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Environ Monit Assess. 2002 Feb;73(3):237-51.

Spatial patterns of soil moisture as affected by shrubs, in different climatic conditions.

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Department of Geography, Bar-Ilan University, Ramat-Gan, Israel.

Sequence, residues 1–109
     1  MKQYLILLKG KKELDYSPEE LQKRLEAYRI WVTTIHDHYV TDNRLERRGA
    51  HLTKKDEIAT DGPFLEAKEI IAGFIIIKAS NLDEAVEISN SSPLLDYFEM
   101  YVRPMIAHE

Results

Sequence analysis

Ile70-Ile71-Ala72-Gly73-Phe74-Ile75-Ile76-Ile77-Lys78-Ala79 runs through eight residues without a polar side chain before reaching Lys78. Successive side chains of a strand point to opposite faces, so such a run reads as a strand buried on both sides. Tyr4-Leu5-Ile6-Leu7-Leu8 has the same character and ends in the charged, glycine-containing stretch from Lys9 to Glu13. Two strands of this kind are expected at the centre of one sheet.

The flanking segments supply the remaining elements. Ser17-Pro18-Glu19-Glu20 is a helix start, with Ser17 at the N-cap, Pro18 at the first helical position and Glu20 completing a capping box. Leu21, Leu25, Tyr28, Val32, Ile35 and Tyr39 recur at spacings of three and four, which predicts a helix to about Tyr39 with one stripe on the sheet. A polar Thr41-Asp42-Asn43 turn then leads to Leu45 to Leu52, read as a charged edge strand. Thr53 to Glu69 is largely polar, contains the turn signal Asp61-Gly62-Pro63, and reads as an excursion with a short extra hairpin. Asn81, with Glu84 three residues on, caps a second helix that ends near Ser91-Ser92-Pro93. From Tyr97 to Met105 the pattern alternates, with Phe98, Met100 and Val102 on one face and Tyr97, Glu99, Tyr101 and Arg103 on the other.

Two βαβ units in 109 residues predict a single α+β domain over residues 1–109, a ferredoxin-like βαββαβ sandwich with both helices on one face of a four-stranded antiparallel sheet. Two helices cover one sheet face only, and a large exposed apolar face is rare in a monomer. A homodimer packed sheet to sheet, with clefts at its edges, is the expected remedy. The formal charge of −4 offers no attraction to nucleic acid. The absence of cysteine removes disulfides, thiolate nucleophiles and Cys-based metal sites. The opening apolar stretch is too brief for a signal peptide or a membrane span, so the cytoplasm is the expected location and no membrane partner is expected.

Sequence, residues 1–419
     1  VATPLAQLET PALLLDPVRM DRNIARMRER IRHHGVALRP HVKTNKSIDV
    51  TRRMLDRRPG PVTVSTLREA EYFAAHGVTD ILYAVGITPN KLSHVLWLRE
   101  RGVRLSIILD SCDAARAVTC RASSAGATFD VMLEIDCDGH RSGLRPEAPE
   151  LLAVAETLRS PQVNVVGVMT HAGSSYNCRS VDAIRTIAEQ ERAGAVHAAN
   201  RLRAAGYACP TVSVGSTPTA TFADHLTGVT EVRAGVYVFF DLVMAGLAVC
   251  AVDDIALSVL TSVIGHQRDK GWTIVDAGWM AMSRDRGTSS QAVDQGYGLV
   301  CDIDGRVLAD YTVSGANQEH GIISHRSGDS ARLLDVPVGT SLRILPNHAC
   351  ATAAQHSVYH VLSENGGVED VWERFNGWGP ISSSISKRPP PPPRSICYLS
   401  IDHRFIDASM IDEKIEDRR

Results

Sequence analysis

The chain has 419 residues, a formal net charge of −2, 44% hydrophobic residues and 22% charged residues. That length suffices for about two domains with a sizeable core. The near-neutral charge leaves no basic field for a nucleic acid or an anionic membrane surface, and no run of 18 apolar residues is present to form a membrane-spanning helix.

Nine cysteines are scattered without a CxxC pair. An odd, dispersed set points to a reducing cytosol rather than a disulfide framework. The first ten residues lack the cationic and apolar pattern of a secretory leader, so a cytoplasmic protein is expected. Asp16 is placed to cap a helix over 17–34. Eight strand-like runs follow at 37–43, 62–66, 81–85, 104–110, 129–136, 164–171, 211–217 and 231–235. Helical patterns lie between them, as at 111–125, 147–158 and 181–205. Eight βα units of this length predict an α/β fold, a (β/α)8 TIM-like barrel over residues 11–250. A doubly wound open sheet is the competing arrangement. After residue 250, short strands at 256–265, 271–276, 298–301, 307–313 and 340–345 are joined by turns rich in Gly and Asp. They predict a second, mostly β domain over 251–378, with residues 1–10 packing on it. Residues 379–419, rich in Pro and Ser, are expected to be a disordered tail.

At three study sites, representing Mediterranean, semi-arid and mildly-arid climatic conditions, the effect of shrubs on the spatial patterns of soil moisture was studied. At each site soil moisture was measured, on hillslopes, at the vicinity of 8 shrubs. For each shrub the measurements have been taken at 3 microenvironments, i.e. under the shrub (US), at the margins of shrub (MS) and between shrubs (BS). At the microenvironments US and MS the measurements were taken at 3 directions: upslope, downslope and sideslope of the shrubs. At all sampling points soil samples were taken from 3 depths: 0-2, 2-5 and 5-10 cm. In addition, rock fragments cover percentage near the shrubs was determined. A soil moisture pattern was found, around each shrub, which is composed of a radial gradient and a downslope gradient. The radial gradient is expressed by soil moisture decreasing from the US microenvironment, in all directions, through the MS towards the BS microenvironment. The US microenvironment has a 'spatial advantage' of higher soil moisture content due to (1) relatively higher infiltration rate, (2) capture overland flow from the BS area upslope that shrub and (3) low evaporation rate because of the shading effect. The downslope gradient is expressed by decreasing soil moisture from the upslope direction of each shrub (MS and US microenvironments) towards the downslope direction of that shrub (MS and US microenvironments, respectively). This gradient is controlled by the relatively high content of rock fragments near the shrubs at their upslope direction. Such rock fragments spatial distribution is attributed to (1) the detachment and transport of rock fragments by sheep and goats trampling and (2) the effect of shrub on the continuity of overland flow and sediment transport. The effect of rock fragments is similar to that of shrubs regarding increasing infiltration and decreasing evaporation rate. The relatively high soil moisture at the upslope direction of each shrub enhances annuals growth producing a positive feedback loop: soil moisture--annuals growth--trampling. This sequence maintains the typical rock fragments spatial organization and contributes to the sustainability of the grazing system. At all the study sites at the US microenvironment there is a trend of decreasing soil moisture with increasing soil depth. At microenvironments MS and BS soil moisture increases with soil depth. The results are of great relevance for rehabilitation strategies as they suggest that in order to combat desertification in degraded semi-arid and mildly-arid areas, where the main land use is grazing, both shrubs and rock fragment should be kept at their present spatial distribution.

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